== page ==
On Nov. 2, Columbia University professor Susan Pederson became the first Canadian to win the Cundill Prize for Historical Literature, which also happens to be Canadian. The world’s richest history award—clocking in at US$75,000—was established by noted Montreal value investor Peter Cundill in 2008. Born in Tokyo in 1959 to Canadian missionary parents, Pederson is the author of The Guardians: The League of Nations and the Crisis of Empire.
“There was so much hope after the Great War,” she says. “People wanted to build, through the League of Nations, a structure that would hold the peace for years.” Part of that structure, notes Pederson, and the focus of her book, were the colonial “mandates” by which legal authority the victorious allies ruled territories outside Europe that were formerly controlled by Imperial Germany or the Ottoman Empire. Those mandates—in Africa, the Pacific and, especially, the Middle East—are the subject of Pederson’s prize-winning book, and were halting steps in the disintegration of the Europe-centred imperial world order, no longer quite colonies in the pre-war sense, but still miles from independence.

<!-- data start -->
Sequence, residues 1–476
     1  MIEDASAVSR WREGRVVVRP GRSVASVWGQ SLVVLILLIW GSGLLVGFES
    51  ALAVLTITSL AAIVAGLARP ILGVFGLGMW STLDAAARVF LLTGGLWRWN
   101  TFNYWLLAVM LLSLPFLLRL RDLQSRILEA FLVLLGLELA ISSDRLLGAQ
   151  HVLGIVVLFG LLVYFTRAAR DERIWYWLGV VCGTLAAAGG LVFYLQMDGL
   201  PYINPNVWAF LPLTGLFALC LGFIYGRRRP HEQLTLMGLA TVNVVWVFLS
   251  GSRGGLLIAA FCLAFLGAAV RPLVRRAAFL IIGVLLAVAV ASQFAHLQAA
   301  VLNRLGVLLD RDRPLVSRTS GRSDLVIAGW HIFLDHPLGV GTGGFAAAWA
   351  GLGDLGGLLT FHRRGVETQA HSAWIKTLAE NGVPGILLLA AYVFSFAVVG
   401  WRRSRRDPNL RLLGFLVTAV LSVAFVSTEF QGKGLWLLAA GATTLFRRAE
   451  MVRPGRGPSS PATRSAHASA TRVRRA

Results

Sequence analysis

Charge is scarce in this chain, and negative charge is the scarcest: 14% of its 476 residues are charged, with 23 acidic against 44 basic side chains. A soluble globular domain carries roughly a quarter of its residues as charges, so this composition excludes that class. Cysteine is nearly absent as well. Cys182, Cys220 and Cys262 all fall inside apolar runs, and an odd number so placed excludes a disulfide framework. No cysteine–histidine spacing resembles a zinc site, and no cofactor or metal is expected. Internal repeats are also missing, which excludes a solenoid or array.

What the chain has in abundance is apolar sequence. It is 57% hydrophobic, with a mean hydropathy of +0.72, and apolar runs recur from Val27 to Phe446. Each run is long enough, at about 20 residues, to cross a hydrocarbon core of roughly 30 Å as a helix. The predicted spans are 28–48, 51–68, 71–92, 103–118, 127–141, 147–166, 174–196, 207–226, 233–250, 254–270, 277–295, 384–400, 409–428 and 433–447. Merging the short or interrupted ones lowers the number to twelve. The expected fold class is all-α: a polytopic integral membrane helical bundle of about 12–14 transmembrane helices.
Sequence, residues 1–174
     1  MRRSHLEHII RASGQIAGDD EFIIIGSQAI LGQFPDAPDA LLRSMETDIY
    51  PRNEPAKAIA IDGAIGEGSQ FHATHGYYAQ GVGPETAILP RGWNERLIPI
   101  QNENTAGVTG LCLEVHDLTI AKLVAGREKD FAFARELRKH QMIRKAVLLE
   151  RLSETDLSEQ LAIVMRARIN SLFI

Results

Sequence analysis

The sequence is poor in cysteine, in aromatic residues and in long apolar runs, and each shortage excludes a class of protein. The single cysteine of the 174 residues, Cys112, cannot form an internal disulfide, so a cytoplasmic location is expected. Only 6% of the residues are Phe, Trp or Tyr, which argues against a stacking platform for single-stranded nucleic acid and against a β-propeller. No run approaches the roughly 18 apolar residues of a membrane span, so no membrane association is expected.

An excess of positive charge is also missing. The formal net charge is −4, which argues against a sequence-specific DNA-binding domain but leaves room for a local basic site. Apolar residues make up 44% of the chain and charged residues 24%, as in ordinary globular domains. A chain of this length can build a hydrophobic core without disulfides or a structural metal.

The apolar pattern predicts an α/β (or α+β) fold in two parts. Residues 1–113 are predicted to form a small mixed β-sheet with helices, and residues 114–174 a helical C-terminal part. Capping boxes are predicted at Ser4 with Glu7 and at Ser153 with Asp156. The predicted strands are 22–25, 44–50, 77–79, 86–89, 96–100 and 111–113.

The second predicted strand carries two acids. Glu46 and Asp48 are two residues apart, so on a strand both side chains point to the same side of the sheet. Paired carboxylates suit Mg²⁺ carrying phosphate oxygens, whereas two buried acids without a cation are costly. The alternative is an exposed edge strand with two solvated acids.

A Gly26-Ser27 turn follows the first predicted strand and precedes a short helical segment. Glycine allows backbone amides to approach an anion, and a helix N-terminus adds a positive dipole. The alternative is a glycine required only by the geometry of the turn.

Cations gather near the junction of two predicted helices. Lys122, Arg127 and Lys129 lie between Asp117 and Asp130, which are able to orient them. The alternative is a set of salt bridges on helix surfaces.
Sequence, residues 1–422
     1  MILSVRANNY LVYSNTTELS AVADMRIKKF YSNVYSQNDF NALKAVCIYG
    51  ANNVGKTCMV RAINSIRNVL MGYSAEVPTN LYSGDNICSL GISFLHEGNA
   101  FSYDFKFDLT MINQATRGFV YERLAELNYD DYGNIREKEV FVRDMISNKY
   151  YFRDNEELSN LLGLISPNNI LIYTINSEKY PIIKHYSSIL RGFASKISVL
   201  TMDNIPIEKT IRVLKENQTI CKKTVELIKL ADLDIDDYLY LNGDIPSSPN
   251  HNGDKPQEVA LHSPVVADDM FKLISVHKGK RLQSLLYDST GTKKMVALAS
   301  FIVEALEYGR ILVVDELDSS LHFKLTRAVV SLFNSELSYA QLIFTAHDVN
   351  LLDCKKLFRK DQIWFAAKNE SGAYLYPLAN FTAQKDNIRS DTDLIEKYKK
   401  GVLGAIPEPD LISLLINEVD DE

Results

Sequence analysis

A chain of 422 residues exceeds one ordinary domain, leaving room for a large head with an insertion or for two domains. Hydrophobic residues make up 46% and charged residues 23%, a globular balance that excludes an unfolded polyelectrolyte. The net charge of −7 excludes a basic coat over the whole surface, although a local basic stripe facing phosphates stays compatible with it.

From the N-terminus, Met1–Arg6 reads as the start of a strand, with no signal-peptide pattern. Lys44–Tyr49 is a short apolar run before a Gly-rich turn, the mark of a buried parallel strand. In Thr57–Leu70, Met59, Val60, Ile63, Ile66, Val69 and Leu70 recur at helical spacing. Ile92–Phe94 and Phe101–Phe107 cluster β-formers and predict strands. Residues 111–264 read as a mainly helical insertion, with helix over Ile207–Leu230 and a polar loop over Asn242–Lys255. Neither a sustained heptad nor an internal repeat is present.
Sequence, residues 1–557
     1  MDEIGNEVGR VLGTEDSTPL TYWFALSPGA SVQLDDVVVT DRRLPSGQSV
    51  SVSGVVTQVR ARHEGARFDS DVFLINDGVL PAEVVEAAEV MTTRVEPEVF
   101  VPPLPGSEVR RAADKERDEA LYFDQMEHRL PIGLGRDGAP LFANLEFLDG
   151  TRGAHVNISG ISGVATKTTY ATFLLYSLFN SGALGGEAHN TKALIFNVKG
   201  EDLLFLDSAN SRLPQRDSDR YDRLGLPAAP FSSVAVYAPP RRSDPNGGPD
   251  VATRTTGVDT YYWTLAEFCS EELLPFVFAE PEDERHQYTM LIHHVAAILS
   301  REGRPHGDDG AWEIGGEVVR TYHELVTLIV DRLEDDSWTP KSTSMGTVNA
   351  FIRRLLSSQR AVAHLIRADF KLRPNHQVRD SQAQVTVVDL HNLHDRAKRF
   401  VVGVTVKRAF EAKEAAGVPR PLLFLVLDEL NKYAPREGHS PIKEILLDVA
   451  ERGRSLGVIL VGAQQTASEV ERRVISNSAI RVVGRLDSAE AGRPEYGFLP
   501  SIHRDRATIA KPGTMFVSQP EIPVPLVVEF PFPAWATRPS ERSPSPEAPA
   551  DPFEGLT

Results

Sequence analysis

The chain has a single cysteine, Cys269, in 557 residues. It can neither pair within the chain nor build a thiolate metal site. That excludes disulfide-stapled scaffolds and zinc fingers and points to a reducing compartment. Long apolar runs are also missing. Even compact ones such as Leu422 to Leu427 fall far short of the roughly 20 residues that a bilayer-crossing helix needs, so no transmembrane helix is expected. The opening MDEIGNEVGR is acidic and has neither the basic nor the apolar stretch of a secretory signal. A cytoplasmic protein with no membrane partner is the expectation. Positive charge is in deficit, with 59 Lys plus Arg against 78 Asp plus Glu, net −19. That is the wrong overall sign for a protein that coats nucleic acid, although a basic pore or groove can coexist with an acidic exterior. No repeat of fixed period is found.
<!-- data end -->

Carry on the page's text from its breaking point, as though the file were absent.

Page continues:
The League of Nations’ ignominious collapse with the outbreak of the Second World War has, for generations, meant scholars paid little attention to it. But lately, says Pederson, historians have become interested in the valuable lessons, in areas ranging from refugee issues to health policies, that the successor organization, the United Nations, drew from the League’s failure. “When I first started working in the archives in Geneva, there were perhaps five scholars there,” she says. “Now it’s much more crowded.”